Portland-based Grabb.it, the service which has the potential to help catalog Web-based MP3s for music lovers everywhere, picked a rather inauspicious date to release a new version of the Grabb.it site. But they’re not fooling around.
The new site now enables anyone to create tumblog posts based on the MP3s they grab.
Grabb.it is the group music blog where anyone can contribute. Sign up to create your own personal mp3 blog about songs you love and to send your posts to services like Tumblr, Blogger and Facebook.
This new feature holds promise, both as a way of allowing users to easily create reviews of the tunes in their respective libraries and—hopefully—as a means of increasing the reach and promotion of the Grabb.it service to active tumblog and Facebook types.
What’s a “tumblog“? I’m glad you asked. According to Wikipedia:
A tumblelog (or tlog) is a variation of a blog that favors short-form, mixed-media posts over the longer editorial posts frequently associated with blogging. Common post formats found on tumblelogs include links, photos, quotes, dialogues, and video. Unlike blogs, tumblelogs are frequently used to share the author’s creations, discoveries, or experiences while providing little or no commentary.
Other noticeable changes to the Grabb.it site include a highly simplified UI and a very slick, intelligent bread-crumb trail.
For more on the MP3-finding service and its new tumblogging capabilities, visit Grabb.it.
Portland-based Grabb.it, the music service that helps users share and rate MP3s, has announced the release of a rich RESTful API for accessing its data.
The primary resource type Grabb.it makes available is the playlist. We make playlists available in many formats, at many endpoints. We also have a few methods to manipulate and generate playlists. This document details the formats, endpoints (access urls) and uses of Grabb.it playlists.
Documentation on the API is available on a new Grabb.it API Google Group. For more information, visit Grabb.it.
Portland-based Grabb.it has announced the release of a site-wide aggregator.
The new service is designed to combine all of the blog posts from Grabb.it users, delivering them in one stream. In so doing, it provides an interesting vantage point for monitoring what’s happening in the world of online MP3s.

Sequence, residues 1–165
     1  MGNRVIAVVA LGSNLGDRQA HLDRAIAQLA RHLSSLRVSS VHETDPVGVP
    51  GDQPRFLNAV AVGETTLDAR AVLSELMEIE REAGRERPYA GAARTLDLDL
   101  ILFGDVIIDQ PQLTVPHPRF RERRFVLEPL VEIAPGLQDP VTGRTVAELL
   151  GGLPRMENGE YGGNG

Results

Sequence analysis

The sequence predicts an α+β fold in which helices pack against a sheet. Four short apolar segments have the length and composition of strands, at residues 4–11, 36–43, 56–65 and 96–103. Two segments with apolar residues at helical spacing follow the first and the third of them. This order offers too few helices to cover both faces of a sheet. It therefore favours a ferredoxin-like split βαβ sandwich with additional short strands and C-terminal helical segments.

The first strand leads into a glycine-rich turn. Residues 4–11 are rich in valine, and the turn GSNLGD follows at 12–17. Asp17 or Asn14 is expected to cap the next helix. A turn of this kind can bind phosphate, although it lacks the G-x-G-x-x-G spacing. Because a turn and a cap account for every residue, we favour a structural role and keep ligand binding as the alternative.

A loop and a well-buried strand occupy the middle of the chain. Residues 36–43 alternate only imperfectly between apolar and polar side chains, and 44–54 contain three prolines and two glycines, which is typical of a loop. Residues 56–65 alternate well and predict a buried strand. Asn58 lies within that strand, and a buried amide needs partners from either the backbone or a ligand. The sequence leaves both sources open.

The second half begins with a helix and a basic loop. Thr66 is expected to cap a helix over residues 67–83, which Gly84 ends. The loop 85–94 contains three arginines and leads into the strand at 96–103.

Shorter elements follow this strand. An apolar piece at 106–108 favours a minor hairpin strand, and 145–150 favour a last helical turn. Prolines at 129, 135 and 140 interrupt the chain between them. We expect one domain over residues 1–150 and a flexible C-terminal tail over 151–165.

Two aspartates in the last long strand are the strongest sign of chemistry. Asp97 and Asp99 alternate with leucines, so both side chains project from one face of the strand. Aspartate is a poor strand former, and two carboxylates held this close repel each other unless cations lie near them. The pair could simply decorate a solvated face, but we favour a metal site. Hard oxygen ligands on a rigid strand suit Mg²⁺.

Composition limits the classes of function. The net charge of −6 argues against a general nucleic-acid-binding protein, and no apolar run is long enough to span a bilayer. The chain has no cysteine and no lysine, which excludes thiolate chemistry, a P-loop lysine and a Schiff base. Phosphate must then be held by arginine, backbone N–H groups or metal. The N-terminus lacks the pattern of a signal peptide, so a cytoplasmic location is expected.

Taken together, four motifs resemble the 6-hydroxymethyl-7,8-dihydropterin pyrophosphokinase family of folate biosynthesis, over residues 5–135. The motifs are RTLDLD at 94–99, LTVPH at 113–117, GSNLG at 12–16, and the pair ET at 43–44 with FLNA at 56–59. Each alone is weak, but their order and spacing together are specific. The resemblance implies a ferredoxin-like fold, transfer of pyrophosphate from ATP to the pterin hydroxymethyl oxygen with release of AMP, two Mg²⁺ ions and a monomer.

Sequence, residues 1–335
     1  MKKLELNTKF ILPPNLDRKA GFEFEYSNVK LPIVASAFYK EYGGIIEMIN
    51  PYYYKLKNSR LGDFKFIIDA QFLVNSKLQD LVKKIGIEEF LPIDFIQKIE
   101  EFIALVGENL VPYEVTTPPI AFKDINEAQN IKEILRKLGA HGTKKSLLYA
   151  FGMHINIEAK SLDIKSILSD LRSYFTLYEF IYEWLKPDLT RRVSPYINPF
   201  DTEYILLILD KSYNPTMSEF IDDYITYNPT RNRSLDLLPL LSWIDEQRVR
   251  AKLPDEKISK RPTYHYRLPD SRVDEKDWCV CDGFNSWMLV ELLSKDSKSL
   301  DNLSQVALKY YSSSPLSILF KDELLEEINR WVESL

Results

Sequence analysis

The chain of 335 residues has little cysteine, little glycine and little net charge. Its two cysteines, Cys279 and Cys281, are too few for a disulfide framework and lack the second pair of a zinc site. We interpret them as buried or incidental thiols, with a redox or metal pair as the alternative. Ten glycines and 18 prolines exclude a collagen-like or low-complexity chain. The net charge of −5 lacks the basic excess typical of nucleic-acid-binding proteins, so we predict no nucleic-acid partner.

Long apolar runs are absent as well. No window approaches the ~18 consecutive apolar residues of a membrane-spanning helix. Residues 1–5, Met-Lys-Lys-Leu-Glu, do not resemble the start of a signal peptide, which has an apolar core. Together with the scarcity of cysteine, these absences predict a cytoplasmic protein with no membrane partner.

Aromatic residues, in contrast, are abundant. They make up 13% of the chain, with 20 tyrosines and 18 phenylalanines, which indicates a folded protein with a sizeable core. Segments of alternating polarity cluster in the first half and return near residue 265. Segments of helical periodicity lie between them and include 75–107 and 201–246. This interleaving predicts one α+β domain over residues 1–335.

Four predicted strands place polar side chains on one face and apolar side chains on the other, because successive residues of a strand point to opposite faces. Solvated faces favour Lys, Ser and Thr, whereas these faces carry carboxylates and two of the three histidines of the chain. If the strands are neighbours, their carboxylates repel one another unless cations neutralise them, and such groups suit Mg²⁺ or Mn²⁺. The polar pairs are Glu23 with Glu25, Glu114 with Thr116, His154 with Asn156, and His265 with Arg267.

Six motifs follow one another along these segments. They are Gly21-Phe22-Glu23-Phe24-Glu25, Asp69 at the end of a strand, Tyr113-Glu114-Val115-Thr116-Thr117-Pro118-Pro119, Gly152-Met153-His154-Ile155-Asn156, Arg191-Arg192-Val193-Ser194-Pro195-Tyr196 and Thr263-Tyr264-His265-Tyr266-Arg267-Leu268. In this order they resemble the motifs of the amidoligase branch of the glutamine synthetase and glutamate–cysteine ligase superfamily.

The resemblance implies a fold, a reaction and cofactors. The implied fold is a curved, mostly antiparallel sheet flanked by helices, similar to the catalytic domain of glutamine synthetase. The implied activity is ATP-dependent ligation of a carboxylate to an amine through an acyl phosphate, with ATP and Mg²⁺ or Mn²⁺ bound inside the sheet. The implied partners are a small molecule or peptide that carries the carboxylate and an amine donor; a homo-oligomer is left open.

Interested? Take a look at the Grabb.it’s activity stream.
Portland-based Grabb.it has announced the release of a new microblogging feature for its users.
Following the lead of services like Twitter, Jaiku, and Pownce, the new Grabb.it feature allows users to post short messages (less than 140 characters) and provides a feed to which others can subscribe. An example can be found here.
The recent development efforts—like the iPhone interface—have led to a growth spurt for Grabb.it, forcing them to have deal with (welcome) growing pains.
Tired of the music on your iPhone? Point it to the Grabb.it iPhone interface and you’ll be surfing new tunes in a matter of seconds. Find one you like? Click and you’ll be listening—to the whole song.
Just flip through the iPhone friendly scroll list or search, then click on a selected tune, and voila! That’s it. It’s playing on your iPhone. Just like that.
The new Grabb.it iPhone service worked flawlessly on wifi, with no interruption. It played the songs as if they were stored in my iPod library. With Edge, it was a little choppy.
Still, worth checking out.
[UPDATE] Great insight into the development challenges, on Chris Anderson’s blog.
Designed to support independent musicians, the Portland-based Grabb.it service makes any Web-accessible MP3s—from local favorites, relative unknowns, and popular artists—more accessible by indexing MP3s as they are posted by artists and fans.
Grabb.it, the self-proclaimed “Giant MP3 eating rabbit,” has released some new features and a shiny new interface, according to some recent tweets from Chris Anderson.
Designed to support independent musicians, the Grabb.it service makes any Web-accessible MP3s—from local favorites, relative unknowns, and popular artists—more accessible by indexing MP3s as they are posted by artists and fans.
At the time of this posting, Grabb.it was indexing nearly 9,000 artists and more than 8,000 albums.
For more information or to register for the service, visit Grabb.it.